“I refuse to die next to a shelf full of organic walnuts,” I thought as I stood amongst other terrified souls hiding from what we assumed was a group of deadly terrorists storming Oxford Street in either a truck or armed with AK47s or long, jagged knives they nicked from their kitchens. This was not how I pictured the end of my life.
The employees of the Holland and Barrett in Bond Street Station were pretty abysmal when it came to dealing with the supposed deadly event that befell us that day. They continued to open and close the security door in confusion while we all yelled in protest from our crouched positions, thinking that a barrage of bullets would whistle through at any moment if they didn’t get their shit together.
Yes, I’m talking about the Chinese whispers clusterfuck that was Black Friday in London last year. What began as a small tussle on a tube platform morphed into a mass exodus of frantic, screaming shoppers running from an imaginary band of extremist gunmen who had apparently blown up Selfridges at some point though I couldn’t see smoke nor did I hear an explosion.
My experience of the happening began when I was walking out of the Bond Street station on my way to get the hairs ripped out of my lady area at a salon nearby. Suddenly a wave of people came rushing at me from the street, I’ll never forget the sound of thunder as their quick, panicked feet pounded the ground beneath me. I was instantly swept up in the frenzy and struggled to maintain my balance as we all raced back into the station looking for refuge. I ran at the nearest opening — a Holland and Barrett appeared ahead of me and I galloped towards it, as I entered I began ordering the employees to close the door like some army general. I’d never longed for the excruciating pain of a Hollywood wax more in my life.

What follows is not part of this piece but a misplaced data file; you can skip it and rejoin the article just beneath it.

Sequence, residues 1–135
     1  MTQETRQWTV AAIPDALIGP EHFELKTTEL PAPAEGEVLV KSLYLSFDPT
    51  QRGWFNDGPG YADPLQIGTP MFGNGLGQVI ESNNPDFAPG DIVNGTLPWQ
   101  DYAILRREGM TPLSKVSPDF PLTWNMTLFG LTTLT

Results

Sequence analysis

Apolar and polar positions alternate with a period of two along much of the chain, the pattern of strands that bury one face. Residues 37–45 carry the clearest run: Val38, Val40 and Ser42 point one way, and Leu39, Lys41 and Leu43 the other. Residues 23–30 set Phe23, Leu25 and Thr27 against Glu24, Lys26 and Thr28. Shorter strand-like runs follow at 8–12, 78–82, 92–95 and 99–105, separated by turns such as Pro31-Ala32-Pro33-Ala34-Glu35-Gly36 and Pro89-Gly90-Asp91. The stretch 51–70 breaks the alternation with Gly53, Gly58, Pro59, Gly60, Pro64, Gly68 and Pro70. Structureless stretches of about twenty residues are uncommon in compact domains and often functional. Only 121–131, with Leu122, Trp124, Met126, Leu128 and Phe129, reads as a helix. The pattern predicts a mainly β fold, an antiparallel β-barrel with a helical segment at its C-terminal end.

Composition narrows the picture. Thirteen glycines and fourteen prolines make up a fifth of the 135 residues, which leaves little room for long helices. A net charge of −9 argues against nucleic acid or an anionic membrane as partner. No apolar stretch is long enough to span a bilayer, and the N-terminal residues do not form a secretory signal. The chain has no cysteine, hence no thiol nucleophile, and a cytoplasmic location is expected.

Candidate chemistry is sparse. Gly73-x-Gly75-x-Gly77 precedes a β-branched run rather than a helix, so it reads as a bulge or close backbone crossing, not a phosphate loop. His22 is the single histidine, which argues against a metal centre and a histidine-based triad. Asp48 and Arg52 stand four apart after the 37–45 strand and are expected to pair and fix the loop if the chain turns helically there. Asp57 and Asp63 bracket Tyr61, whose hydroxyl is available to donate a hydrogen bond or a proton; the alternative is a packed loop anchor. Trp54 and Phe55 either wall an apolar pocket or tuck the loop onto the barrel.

A girl was already crouched in a corner behind me, unable to move and wide-eyed. She kept saying, “I want to be anywhere else but here, I want to be anywhere else by here.” There was an older woman comforting her, she was seated in front of the emergency exit which I kept my eye on in case I needed to push her whimpering frame out the way and escape.
A group of schoolgirls were sobbing behind a shelf, wailing about not wanting to die and a mother clutched her son close to her. We were a herd of spooked deer.
In thankful retrospect, I realised that though I’d hoped I would step up and be a good samaritan and hero to my fellow man if needed, that was not the case. No, I was ready to hop over anyone who tripped and fell in the stampede as I ran for glorious freedom. I can safely say that the mirror this event held up was not one I want to look in to ever again. Though if said person was a dog or teacup pig I would have used myself as a human shield so I’m not completely sociopathic. My survival instinct is just very selective.
Eventually, a security officer popped out of nowhere and screamed at us to run out the station, I raced to the escalator and scuttled up the stairs to the exit, only to be met by yet another massive crowd of hysterical shoppers screeching around the bend. A woman fell in front of me, I leapt over her like a springbok and sprinted ahead of the fray into the night. Yes, I’m a terrible person. I breathed a strained sigh of relief, thinking we were out of the woods at that point — until crowds came racing down from Oxford Street just yards ahead.